Blog post by ELP student Patrick Neggie (Computer Science | Class of 2021) Interning at Guardhat

There comes a point in your internship where you just get, well, bored. You start using your phone more, you stop caring as much about your performance, you start to get comfortable. It’s not just with internships either. Think about how your performance along a semester goes. You begin super motivated, organized, and overall excited to be starting a fresh, new semester. But, as time goes on, and the work piles up, your motivation wanes, the frequency of Netflix visits increases, and you fall into a slump. If you’re still not convinced this happens to you, think about how many of your New Year’s Resolutions you’ve actually completed since the start of this year.

Part of the reason so many of us struggle with motivation is that we don’t mentally prepare ourselves for this slump ahead of time. We kid ourselves into thinking that our willpower will overcome any obstacles and that we are somehow immune to the law of entropy. I’m here to tell you that you’re lying to yourself. But what can we do about it? How can we slow or even stop this from happening to us?

S.M.A.R.T. Goals

A lot of the goals we set for ourselves are what I consider V.A.P.I.D. goals. Vague, amorphous, pie in the sky, irrelevant, delayed. For instance, “I will clean the entire apartment” is VAPID because there is always more to clean so you will never reach a tangible goal. Instead, focus on creating SMART goals, that is, goals which are specific, measurable, actionable, realistic, for which you are time-bounded to complete. “I will get the primer function to pass these ten test cases by 5 p.m. today” is a perfect example of a SMART goal.

There are other reasons to create SMART goals besides just being more well-defined. By setting SMART goals, you’re almost guaranteeing that you succeed because they are by definition realistic goals. Therefore, you feel a sense of accomplishment and that drives you to create more SMART goals to reach that same feeling again. In this self-perpetuating cycle, moving toward an ultimate goal becomes easy as the path is well-defined and your progress can be mapped.

Know your why.

It’s not enough to rely on good goal-setting technique to prevent the demons of procrastination. To achieve maximum success, you should not only define specifically what you’re doing at any given point, by why.

I’m sure you have a general reason for waking up in the morning. It might be something along the lines of: “I have to go to my internship because I need to work 40 hours a week so I can get paid.” Or maybe it’s something like, “I need to go to my internship so I can learn from other experienced developers about machine learning.” While both of those seem like valid reasons to be going to your internship, there is one key difference that will transform these reasons into motivational tools. Try replacing “have to” and “need to” with “want to” in either of those sentences. You’ll notice the entire sentiment changes.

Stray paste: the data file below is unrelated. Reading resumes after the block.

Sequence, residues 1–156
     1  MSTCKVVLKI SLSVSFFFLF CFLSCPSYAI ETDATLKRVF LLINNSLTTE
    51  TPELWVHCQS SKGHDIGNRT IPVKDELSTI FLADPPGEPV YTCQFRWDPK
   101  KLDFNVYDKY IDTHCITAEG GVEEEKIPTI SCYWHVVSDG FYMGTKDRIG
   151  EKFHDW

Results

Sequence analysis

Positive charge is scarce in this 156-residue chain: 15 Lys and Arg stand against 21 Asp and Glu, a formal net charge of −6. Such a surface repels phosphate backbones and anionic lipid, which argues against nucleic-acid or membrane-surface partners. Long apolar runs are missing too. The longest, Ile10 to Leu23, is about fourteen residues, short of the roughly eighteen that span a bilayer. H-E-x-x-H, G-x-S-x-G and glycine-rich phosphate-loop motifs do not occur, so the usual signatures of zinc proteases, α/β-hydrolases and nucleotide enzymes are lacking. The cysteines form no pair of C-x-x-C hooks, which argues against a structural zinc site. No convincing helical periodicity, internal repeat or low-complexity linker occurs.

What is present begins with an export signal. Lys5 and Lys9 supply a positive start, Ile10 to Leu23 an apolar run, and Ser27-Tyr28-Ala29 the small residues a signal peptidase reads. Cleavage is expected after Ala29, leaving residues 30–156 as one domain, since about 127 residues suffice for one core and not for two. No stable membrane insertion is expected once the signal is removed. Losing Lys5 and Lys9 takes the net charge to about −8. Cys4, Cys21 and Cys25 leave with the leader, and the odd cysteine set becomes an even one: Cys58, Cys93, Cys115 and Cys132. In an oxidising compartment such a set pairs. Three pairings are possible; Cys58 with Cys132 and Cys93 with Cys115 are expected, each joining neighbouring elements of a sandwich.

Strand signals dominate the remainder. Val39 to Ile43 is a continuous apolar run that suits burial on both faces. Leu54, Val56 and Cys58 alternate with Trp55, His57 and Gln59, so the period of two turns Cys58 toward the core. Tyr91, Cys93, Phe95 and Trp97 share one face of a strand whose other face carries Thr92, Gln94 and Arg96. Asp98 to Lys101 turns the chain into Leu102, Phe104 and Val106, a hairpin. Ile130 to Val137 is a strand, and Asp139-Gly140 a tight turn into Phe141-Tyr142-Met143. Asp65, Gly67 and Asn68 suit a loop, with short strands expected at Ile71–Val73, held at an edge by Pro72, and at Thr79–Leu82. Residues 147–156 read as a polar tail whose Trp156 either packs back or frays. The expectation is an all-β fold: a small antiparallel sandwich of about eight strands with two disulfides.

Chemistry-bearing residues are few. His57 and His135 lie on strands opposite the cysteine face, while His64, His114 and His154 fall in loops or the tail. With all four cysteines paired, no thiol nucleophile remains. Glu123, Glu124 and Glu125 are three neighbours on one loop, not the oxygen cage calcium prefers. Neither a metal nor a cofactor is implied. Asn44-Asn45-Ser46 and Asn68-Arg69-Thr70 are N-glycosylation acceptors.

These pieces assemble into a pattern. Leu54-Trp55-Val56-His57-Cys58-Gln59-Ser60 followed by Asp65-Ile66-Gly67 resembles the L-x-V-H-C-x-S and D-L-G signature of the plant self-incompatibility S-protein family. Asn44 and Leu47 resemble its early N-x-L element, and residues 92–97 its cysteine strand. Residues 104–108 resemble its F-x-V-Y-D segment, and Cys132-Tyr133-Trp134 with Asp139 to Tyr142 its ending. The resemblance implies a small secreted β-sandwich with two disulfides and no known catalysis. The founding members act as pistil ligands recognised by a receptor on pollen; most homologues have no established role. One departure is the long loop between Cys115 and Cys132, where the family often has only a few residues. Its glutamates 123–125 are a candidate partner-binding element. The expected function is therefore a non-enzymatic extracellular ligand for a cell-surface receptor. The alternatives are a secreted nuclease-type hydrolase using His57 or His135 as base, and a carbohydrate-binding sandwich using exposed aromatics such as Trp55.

At the end of the day, you should be doing what you want to. Obviously, it might be true that you need to go to your internship because they would fire you if you stopped going, but I hope that isn’t the only reason you’re working there.

Sometimes we all get lost in the commotion of daily life. We do things without really thinking about why we’re doing them, and that causes a disconnect between our actions and what we perceive as a valuable use of our time. It’s this disconnect that leads to disillusionment and poor performance. Trust me, if you take the time to proactively think about why you’re doing something before you do it, you’ll notice not only an increase in life satisfaction but also performance.

Over time, our brains naturally tend to gravitate toward negative thoughts. Self-doubt, worry, and helplessness are all fundamental pieces of the human experience, but that doesn’t mean you can’t do anything about it. Just remember that you always have a choice when it comes to where you spend your time and you’ll be far more motivated to use it the way you see fit.

The Long Game

“Knowing your why” isn’t a one-time deal either. You can’t just declare that what you’re doing is meaningful once and expect that you’ll continue to feel that way. What you’re doing and the goals you set will also continue to evolve as time goes on. What I’m trying to say is that none of this static. Knowing your why and setting SMART goals should be built into your routine on a regular basis.

Fighting entropy is an impossible task. No matter what you do, negative thoughts and disorganization will naturally occur. But, by setting up a check-in system for yourself, you can be proactive in staving off disorganization and pessimism before it spirals out of control. It’s hard work keeping yourself organized and motivated, but it’s even harder work trying to pick up the pieces after entropy has taken the wheel.